by Glenn Lovell
If anything, Stephen King’s “Carrie” feels more timely today than it did in the mid-1970s. When it first reached the screen with a very young Sissy Spacek as the title character and Brian De Palma in the director’s chair, the adaptation of King’s first bestseller felt like a yummy, blood-splattered twist on “Cinderella,” with Spacek as the outcast high-schooler who finds herself, for a moment, the queen of the ball.
Today, in the age of social media and cyber-bullying, “Carrie” could be a PSA with a cautionary message to anyone heartless enough to heckle the class pariah.
The “in-crowd” at Maine’s Ewen High certainly pays a stiff price in this new version. Indeed, their prom-night comeuppance ‒ which includes death by bleachers, stampede and boa-like electrical lines ‒ should make the film required viewing at high schools around the country.
The new “Carrie,” directed by Kimberly Peirce (“Boys Don’t Cry” ‒ another film about bullying), is also considerably more sadistic and bloody than the original. No surprise here. Chloë Grace Moretz of the “Kick Ass” movies turns in a variation on her Hit-Girl persona. Unlike the waif-like Spacek, who never knows quite what to make of her “witch-y” telekinetic powers, Moretz seems to glow when she figures out she can make books levitate and knives fly. She does more than take revenge; she conducts the carnage, like Mickey as the Sorcerer’s Apprentice. You might even say she’s empowered.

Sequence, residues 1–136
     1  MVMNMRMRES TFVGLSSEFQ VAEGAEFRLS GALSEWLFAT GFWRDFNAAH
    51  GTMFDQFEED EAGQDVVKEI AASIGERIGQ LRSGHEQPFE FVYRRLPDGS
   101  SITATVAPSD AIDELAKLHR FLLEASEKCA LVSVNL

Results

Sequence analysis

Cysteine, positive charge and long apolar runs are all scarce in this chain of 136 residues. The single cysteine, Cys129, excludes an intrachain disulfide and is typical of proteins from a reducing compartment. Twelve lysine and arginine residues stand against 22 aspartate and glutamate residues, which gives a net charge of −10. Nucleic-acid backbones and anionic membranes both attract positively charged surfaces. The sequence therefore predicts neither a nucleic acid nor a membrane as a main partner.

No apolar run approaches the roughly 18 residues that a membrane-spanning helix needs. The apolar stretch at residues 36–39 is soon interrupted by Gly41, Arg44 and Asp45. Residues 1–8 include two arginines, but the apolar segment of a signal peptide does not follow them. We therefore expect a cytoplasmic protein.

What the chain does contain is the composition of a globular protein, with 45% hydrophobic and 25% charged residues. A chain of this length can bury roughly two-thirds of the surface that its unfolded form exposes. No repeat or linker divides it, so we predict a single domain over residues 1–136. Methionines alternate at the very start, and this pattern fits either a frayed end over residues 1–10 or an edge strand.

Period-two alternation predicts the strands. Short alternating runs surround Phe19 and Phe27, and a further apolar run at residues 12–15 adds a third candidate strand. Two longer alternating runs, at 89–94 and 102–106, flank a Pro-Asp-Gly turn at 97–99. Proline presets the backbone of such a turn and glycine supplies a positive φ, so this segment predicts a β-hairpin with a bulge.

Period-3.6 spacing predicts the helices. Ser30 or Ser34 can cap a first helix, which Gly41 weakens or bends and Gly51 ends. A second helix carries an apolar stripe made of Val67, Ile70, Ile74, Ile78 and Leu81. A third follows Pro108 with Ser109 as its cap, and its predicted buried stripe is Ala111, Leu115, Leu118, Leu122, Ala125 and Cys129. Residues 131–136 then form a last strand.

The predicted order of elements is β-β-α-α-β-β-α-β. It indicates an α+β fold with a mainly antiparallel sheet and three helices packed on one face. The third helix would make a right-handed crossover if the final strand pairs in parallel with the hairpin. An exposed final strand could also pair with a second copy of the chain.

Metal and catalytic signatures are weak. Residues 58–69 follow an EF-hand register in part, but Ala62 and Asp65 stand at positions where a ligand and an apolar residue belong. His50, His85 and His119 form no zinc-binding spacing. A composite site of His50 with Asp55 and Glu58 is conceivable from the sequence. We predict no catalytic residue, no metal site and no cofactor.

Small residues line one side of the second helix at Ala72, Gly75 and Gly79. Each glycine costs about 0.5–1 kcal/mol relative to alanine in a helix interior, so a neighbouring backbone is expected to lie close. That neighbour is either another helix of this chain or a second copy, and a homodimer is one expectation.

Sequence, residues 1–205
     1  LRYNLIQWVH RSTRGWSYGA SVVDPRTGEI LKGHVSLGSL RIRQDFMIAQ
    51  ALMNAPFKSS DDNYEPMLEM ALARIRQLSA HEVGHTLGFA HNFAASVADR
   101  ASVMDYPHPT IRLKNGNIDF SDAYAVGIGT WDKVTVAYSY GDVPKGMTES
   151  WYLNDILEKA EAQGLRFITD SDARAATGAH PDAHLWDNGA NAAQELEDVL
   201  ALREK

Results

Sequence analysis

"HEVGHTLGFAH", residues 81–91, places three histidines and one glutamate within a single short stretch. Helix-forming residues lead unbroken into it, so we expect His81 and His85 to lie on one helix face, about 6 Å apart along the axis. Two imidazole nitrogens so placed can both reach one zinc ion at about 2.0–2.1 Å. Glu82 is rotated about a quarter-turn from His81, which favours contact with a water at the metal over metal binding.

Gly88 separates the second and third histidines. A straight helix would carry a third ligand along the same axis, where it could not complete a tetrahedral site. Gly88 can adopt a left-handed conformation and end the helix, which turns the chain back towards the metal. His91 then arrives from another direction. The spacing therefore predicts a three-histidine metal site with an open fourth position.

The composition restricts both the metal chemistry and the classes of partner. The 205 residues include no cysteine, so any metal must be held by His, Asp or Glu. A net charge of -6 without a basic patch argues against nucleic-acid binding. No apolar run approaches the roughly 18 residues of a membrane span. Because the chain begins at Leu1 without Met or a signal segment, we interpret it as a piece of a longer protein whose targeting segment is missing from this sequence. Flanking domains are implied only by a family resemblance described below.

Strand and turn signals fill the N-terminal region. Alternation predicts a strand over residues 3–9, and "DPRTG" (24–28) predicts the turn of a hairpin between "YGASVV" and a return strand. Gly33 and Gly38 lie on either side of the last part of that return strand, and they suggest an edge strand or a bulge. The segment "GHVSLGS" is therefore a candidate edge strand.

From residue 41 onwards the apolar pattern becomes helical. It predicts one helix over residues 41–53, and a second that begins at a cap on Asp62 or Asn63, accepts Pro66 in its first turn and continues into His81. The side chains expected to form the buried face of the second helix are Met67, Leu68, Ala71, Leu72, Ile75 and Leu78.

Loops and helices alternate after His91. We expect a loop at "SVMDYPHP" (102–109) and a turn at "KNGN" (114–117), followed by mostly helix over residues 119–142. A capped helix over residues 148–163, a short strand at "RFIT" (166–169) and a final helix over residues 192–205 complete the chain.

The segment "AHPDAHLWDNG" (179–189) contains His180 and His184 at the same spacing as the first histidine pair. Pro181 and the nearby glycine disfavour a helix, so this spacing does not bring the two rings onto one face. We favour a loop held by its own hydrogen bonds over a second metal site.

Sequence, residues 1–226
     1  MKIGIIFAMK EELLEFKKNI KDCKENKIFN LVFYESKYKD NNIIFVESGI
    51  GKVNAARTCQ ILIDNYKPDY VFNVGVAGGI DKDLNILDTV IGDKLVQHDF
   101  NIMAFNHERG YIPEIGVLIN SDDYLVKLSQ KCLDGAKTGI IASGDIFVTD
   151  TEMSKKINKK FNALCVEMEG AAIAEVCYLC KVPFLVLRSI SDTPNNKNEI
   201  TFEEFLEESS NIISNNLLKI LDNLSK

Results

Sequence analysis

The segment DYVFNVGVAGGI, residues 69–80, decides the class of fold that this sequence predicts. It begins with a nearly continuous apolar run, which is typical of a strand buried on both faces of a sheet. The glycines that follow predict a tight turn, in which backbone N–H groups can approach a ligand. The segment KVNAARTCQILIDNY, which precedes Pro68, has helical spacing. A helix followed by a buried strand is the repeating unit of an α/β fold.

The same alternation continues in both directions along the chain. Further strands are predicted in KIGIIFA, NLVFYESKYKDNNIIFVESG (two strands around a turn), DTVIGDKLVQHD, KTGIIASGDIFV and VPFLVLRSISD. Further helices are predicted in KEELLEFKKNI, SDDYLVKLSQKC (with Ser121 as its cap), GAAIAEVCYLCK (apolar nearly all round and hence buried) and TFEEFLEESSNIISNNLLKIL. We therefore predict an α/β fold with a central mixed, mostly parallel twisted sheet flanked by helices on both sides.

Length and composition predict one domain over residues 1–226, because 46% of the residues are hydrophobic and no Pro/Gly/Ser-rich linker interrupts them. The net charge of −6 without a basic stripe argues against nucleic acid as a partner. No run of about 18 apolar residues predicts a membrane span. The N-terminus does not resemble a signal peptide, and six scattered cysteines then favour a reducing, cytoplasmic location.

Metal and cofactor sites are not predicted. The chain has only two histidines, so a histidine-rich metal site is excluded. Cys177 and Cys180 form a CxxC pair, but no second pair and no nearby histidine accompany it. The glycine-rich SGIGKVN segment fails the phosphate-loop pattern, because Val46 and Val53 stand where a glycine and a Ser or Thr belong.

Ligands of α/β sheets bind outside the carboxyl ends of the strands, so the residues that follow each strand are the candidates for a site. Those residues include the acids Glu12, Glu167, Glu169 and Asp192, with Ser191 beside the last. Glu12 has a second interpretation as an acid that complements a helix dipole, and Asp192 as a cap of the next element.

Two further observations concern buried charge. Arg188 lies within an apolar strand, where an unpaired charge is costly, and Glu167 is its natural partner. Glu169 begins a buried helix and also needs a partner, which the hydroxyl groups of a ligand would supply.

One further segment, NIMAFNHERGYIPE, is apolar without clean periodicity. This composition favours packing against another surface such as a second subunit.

The estimable Julianne Moore plays Carrie’s crazed, Scriptures-spouting mother. Moore has big shoes to fill ‒ Piper Laurie fairly made our skin crawl in the original ‒ but she more than fits the bill, spewing fire-and-brimstone even as she (ugh!) mutilates herself. Rounding out the cast are Portia Doubleday as the most unrepentant of the bullies, Gabriella Wilde and Ansel Elgort as the school’s most popular couple, who attempts to make amends for their classmates’ thoughtless conduct, and, as the juvy once played by John Travolta, a thoroughly repulsive Alex Russell.
Though technically superior to the De Palma original, which predated CG effects, the new “Carrie” delivers shocks by rote. We’ve seen most of this before, save for the water cooler in the principal’s offers that bubbles and explodes and the kitchen utensils that stand at attention midair before finding their mark. Ouch, and double-ouch!
CARRIE ✮✮ With Chloë Grace Moretz, Julianne Moore, Gabriella Wilde, Ansel Elgort, Portia Doubleday. Directed by Kimberly Peirce; scripted by Lawrence D. Cohen, Roberto Aguirre-Sacasa from Stephen King novel. 100 min. Rated R (for profanity, violence, climactic bloodbath)